Designing for Collaboration
– Sally Augustin, Design With Science
Psychologists and other social scientists have done scores of research studies to learn more about relationships between workplace design, communication, and collaboration. This review integrates cognitive science research findings related to designing spaces that support knowledge worker collaboration and presents practical applications of insights drawn. Studies published during the last 10 years are emphasized.
Sally Augustin is a practicing environmental psychologist and a principal at Design With Science. She has extensive experience integrating science-based insights to develop recommendations for the design of places, objects, and services that support desired cognitive, emotional, and physical outcomes. Her clients include manufacturers, service providers, and design firms in North America, Europe, and Asia. Dr. Augustin, who is a Fellow of the American Psychological Association, holds leadership positions in professional organizations such as the American Psychological Association and the Environmental Design Research Association.
‘A social discours on social coercion’ by a secret author in the manner of Laurence Sterne.
– Robert Bishop, Cabinet Office / Arcadis
If we change the language of the workplace, then we can change the culture of the workplace. RICS has commissioned a ‘book of guidance’ on the subject of change management. The result is a discussion of the subject written in 18th century English – as a method of disrupting our perceptions and re-engaging in a subject upon which so many books have already been written and so, an it please your worships, pray listen to my ‘discours on social coercion’ for your entertainment and your instruction.
Robert Bishop leads and designs the operational model for the Cabinet Office of her majesty’s government, and by default, all government departments. He is an architect who has designed parliamentary buildings [Portcullis House with Michael Hopkins] and who works with the ‘choreography’ of the workplace with many blue chip clients – PwC, Shell, IBM and JPMC. His publications are generally art based and include Novel, 3 speeches in Brussels and various art publications on the city, its uses and misuses.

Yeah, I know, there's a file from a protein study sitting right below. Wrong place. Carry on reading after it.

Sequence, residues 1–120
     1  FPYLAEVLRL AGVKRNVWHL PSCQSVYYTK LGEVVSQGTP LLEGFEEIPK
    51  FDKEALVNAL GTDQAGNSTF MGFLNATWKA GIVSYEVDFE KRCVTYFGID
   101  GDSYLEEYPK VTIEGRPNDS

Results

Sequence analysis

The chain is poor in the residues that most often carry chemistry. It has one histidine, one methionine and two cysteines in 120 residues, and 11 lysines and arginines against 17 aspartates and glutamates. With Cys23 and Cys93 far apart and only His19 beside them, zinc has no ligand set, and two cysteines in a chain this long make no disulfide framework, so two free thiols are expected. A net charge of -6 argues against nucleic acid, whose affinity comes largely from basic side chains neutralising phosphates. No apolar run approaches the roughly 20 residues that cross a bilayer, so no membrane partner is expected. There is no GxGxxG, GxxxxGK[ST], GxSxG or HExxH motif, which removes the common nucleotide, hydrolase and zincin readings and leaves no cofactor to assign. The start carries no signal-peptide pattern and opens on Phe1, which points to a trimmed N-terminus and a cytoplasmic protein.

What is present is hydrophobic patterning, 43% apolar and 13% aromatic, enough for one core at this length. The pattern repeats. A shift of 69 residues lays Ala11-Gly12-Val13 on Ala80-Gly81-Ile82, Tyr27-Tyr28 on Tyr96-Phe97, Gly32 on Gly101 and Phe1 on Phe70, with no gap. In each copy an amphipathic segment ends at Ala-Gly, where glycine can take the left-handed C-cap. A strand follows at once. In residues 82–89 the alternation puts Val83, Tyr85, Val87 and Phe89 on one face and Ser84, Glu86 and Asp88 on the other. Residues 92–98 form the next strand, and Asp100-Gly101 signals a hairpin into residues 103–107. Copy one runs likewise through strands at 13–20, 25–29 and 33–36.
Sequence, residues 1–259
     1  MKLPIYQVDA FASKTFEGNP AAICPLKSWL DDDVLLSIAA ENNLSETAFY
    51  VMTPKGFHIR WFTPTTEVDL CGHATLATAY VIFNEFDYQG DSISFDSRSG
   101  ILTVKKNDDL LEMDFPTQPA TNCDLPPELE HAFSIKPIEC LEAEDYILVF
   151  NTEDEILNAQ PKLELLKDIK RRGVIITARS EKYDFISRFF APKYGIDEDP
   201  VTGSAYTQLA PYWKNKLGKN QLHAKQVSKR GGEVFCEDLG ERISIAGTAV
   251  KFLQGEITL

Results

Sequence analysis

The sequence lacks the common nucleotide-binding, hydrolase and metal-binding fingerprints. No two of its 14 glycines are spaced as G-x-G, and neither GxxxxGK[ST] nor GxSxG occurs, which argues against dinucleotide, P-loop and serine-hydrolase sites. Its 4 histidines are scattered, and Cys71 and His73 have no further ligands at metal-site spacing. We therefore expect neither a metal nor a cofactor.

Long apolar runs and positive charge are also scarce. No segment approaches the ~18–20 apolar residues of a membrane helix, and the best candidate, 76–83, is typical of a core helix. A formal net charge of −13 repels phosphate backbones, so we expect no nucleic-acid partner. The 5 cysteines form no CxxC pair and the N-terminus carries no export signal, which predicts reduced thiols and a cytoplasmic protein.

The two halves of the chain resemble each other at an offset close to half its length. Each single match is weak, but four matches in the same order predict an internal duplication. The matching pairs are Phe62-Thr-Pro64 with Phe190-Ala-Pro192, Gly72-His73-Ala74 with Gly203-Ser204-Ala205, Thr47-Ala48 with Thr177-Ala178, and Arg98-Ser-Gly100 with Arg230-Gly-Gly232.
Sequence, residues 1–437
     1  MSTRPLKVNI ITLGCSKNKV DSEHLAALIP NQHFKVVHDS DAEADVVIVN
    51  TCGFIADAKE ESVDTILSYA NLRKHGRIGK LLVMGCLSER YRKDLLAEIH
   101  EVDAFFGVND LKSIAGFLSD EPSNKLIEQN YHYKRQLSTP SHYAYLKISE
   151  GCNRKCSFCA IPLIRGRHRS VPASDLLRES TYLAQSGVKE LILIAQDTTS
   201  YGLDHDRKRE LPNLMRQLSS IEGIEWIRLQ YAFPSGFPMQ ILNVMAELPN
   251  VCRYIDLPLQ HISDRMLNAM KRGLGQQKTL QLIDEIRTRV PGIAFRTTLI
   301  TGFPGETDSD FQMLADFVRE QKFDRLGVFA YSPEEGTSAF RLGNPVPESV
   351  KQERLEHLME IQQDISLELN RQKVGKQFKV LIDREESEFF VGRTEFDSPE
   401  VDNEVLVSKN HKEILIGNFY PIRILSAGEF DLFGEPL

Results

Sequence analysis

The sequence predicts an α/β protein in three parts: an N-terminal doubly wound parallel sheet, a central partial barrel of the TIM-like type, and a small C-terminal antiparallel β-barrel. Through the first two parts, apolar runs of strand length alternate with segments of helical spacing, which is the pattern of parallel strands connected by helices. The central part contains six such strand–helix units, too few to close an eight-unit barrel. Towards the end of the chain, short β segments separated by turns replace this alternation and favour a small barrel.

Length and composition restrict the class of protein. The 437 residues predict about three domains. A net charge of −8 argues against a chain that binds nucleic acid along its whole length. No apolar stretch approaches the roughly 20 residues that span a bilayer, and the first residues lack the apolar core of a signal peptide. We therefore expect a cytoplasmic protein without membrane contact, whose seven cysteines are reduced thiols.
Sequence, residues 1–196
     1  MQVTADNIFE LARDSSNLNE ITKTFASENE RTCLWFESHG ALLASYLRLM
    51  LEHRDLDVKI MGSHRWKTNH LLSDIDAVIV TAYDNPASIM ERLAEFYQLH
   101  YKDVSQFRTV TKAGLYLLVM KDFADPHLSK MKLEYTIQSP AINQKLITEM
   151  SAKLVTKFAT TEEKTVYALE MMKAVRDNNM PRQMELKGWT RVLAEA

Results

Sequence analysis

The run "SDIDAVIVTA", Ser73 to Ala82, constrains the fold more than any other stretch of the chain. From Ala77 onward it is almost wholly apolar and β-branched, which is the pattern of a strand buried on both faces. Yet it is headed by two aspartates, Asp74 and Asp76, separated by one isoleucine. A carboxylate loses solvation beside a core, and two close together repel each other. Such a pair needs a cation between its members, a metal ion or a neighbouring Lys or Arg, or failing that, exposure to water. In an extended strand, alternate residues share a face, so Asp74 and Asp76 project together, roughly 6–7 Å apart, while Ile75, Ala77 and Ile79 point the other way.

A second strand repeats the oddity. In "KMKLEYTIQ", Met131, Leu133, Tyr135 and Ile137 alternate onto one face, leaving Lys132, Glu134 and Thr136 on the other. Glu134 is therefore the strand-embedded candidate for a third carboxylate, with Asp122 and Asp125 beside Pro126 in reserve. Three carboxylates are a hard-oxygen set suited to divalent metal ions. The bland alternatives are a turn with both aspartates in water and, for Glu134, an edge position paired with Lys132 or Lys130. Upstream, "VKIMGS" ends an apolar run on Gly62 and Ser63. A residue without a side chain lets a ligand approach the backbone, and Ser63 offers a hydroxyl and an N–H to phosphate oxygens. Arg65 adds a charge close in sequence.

The importance of good lighting conditions in the workplace
Jessica Wahlberg and Tom Miles, LUCTRA
We now spend 90% of our time indoors, particularly during the working week, but there is a huge discrepancy between the electric light we sit under all day and natural daylight. Using research undertaken in Germany as a foundation, we can now draw some important conclusions as to how light truly affects our health.
Jessica Wahlberg and Tom Miles are brand ambassadors for LUCTRA®. They are passionate about ensuring we all have good working light in our offices and homes, anywhere, anytime. Jessica is based in Stockholm, Sweden, where the lack of light is a critical environmental factor for much of the year, whilst Tom is based in London.
Dispelling workplace myths
– Tim Oldman, Leesman
Using data from the world’s largest workplace effectiveness database, Leesman examines five key areas that are responsible for workplace effectiveness. The presentation will review the impact of a more mobile workforce, whether there is any truth in generational differences, what workplaces need to make an employee feel productive and offers a warning to those that think a new workplace is a shortcut to better performance.
As the Founder of Leesman, Tim sought to offer the property market the first truly independent, unified and standardized pre and post occupancy evaluation tool. The Leesman Index is now the largest independent workplace effectiveness database containing over a quarter of a million employee responses. As CEO, Tim is responsible for the creative and strategic development of the Leesman brand in the UK and internationally, and for exploring the opportunities to develop parallel focused products for the Higher Education and Healthcare markets.
The obvious may be wrong: hypothesis-testing with simulation
– William Fawcett, CAR Activity-Space Simulation
Data collection and analytics about the workplace do not provide a sufficient basis for forecasting the consequences of management change. Simulation modelling is the key to exploring future workplace scenarios. Simulation can also investigate conventional assumptions about the workplace, such as the apparently self-evident assumption that moving to workstation-sharing is incompatible with workstation territoriality. Simulation modelling shows this is wrong: a high success rate in meeting individual preferences is achieved even when workstations are shared.